# Fractional quantum mechanics

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In physics, fractional quantum mechanics is a generalization of standard quantum mechanics, which naturally comes out when the Brownian-like quantum paths substitute with the Lévy-like ones in the Feynman path integral. It has been discovered by Nick Laskin who coined the term fractional quantum mechanics.

## Fundamentals

Standard quantum mechanics can be approached in three different ways: the matrix mechanics, the Schrödinger equation and the Feynman path integral.

The Feynman path integral is the path integral over Brownian-like quantum-mechanical paths. Fractional quantum mechanics has been discovered by Nick Laskin (1999) as a result of expanding the Feynman path integral, from the Brownian-like to the Lévy-like quantum mechanical paths. A path integral over the Lévy-like quantum-mechanical paths results in a generalization of quantum mechanics. If the Feynman path integral leads to the well known Schrödinger equation, then the path integral over Lévy trajectories leads to the fractional Schrödinger equation. The Lévy process is characterized by the Lévy index α, 0 < α ≤ 2. At the special case when α = 2 the Lévy process becomes the process of Brownian motion. The fractional Schrödinger equation includes a space derivative of fractional order α instead of the second order (α = 2) space derivative in the standard Schrödinger equation. Thus, the fractional Schrödinger equation is a fractional differential equation in accordance with modern terminology. This is the main point of the term fractional Schrödinger equation or a more general term fractional quantum mechanics. As mentioned above, at α = 2 the Lévy motion becomes Brownian motion. Thus, fractional quantum mechanics includes standard quantum mechanics as a particular case at α = 2. The quantum-mechanical path integral over the Lévy paths at α = 2 becomes the well-known Feynman path integral and the fractional Schrödinger equation becomes the well-known Schrödinger equation.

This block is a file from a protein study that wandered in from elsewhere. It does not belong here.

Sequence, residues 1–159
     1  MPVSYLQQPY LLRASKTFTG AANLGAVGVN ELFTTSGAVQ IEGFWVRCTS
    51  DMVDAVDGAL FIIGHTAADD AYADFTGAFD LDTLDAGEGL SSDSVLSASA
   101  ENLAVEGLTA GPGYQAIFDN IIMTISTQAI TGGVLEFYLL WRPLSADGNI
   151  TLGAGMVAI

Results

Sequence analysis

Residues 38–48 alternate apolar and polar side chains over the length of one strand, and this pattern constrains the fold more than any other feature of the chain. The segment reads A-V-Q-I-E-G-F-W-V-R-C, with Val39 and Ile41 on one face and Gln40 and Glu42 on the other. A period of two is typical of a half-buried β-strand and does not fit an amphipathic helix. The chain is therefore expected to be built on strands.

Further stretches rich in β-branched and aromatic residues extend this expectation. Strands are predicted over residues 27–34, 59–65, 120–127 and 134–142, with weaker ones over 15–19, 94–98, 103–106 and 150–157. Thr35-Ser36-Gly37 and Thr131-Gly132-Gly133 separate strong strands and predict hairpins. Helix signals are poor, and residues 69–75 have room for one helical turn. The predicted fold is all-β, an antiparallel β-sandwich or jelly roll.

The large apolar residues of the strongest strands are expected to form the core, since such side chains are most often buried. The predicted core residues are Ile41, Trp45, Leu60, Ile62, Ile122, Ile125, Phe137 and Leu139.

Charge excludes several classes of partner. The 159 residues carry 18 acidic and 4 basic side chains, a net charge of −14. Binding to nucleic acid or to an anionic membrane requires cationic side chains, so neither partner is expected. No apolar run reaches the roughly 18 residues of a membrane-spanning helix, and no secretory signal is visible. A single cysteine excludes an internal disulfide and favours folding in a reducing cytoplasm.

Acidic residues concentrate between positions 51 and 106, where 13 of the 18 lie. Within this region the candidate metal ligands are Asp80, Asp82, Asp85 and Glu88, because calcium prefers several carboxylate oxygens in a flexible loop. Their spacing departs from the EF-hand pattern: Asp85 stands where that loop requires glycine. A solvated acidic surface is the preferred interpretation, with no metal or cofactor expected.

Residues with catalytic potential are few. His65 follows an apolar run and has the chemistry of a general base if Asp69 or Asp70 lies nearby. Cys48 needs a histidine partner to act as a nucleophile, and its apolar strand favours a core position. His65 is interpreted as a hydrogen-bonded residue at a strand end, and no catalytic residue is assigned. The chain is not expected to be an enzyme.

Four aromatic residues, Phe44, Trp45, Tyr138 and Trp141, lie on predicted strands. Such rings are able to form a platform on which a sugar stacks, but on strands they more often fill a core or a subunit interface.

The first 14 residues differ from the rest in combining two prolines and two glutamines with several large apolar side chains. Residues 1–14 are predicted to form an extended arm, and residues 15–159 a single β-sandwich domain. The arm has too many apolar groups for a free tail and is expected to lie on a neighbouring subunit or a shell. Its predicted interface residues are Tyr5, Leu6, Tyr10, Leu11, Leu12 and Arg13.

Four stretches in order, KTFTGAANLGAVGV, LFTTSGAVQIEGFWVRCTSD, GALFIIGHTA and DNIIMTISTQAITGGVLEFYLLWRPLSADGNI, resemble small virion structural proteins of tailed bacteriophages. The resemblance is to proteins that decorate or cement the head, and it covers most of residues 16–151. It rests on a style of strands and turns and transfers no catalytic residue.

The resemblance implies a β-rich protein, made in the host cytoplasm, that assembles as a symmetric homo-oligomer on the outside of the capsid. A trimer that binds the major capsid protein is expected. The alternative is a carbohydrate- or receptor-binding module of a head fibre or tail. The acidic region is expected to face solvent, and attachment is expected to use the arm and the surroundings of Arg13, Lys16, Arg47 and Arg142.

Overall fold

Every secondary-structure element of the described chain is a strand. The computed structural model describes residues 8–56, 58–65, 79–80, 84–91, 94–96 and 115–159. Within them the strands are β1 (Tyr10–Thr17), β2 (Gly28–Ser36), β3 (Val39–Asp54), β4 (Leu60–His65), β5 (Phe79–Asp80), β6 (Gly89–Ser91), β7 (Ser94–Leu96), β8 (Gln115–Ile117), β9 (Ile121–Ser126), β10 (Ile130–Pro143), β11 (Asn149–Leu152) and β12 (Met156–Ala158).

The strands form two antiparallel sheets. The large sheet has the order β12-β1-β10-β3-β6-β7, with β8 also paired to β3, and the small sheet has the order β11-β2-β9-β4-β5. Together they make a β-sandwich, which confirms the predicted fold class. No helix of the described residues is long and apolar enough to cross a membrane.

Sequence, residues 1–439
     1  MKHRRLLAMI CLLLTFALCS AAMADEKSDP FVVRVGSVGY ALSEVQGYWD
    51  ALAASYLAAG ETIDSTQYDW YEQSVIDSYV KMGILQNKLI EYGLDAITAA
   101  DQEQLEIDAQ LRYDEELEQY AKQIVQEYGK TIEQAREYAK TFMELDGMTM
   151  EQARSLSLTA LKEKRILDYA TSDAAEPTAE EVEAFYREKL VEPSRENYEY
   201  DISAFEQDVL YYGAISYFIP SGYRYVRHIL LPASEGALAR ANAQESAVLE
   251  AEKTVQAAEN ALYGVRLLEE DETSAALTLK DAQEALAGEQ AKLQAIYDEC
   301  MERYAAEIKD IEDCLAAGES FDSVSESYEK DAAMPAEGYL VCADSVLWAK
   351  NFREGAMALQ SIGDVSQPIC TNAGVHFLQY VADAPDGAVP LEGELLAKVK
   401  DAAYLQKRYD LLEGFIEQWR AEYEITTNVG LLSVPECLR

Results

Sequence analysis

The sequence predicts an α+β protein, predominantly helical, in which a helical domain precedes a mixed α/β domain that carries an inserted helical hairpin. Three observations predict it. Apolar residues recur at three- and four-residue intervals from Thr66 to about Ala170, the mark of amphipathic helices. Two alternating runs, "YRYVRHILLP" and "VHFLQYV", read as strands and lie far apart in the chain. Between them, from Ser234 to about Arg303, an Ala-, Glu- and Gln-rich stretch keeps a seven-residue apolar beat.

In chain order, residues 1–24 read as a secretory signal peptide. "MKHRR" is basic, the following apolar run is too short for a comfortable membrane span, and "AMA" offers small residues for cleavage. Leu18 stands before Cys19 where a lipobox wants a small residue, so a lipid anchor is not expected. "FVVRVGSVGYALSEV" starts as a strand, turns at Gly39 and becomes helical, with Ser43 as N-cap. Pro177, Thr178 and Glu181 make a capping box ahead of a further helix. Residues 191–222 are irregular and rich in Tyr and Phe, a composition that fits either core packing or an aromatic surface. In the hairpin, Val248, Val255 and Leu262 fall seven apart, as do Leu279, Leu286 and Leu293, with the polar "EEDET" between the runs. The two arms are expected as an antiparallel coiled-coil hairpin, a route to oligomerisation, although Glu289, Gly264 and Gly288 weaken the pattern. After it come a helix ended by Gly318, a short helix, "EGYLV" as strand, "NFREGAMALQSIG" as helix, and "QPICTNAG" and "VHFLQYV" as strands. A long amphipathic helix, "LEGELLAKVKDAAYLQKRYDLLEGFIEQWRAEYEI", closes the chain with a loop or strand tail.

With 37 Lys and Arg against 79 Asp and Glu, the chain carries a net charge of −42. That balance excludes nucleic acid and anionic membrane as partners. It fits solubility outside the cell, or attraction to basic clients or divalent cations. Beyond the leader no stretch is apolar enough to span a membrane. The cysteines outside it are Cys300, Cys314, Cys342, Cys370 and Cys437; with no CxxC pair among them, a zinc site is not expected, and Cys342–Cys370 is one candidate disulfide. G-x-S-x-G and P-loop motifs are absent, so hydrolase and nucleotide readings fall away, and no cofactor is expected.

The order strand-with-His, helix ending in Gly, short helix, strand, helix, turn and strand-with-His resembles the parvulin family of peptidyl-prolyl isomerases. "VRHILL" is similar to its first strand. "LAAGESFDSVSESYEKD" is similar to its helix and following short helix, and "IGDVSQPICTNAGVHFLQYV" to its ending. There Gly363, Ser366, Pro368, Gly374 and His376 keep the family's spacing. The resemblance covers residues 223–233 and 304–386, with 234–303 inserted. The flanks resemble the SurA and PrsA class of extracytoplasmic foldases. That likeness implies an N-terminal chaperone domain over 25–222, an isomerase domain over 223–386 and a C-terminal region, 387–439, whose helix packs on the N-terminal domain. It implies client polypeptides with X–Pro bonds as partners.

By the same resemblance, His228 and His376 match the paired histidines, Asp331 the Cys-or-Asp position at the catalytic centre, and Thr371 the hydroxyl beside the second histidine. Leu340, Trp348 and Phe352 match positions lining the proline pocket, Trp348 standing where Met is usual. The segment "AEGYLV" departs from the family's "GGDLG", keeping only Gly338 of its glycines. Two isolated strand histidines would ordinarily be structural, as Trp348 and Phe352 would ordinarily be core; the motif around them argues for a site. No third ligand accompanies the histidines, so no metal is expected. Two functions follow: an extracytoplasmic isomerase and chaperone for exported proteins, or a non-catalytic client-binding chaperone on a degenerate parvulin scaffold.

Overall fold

### Fractional Schrödinger equation

The fractional Schrödinger equation discovered by Nick Laskin has the following form (see, Refs.[1,3,4])

$i\hbar {\frac {\partial \psi ({\mathbf {r} },t)}{\partial t}}=D_{\alpha }(-\hbar ^{2}\Delta )^{\alpha /2}\psi ({\mathbf {r} },t)+V({\mathbf {r} },t)\psi ({\mathbf {r} },t)\,,$ using the standard definitions:

Further,

• Dα is a scale constant with physical dimension [Dα] = [energy]1 − α·[length]α[time]α, at α = 2, D2 =1/2m, where m is a particle mass,
• the operator (−ħ2Δ)α/2 is the 3-dimensional fractional quantum Riesz derivative defined by (see, Ref.);
$(-\hbar ^{2}\Delta )^{\alpha /2}\psi ({\mathbf {r} },t)={\frac {1}{(2\pi \hbar )^{3}}}\int d^{3}pe^{i{\mathbf {p} }\cdot {\mathbf {r} }/\hbar }|{\mathbf {p} }|^{\alpha }\varphi ({\mathbf {p} },t),$ $\psi ({\mathbf {r} },t)={\frac {1}{(2\pi \hbar )^{3}}}\int d^{3}pe^{i{\mathbf {p} }\cdot {\mathbf {r} }/\hbar }\varphi ({\mathbf {p} },t),\qquad \varphi ({\mathbf {p} },t)=\int d^{3}re^{-i{\mathbf {p} }\cdot {\mathbf {r} }/\hbar }\psi ({\mathbf {r} },t).$ The index α in the fractional Schrödinger equation is the Lévy index, 1 < α ≤ 2.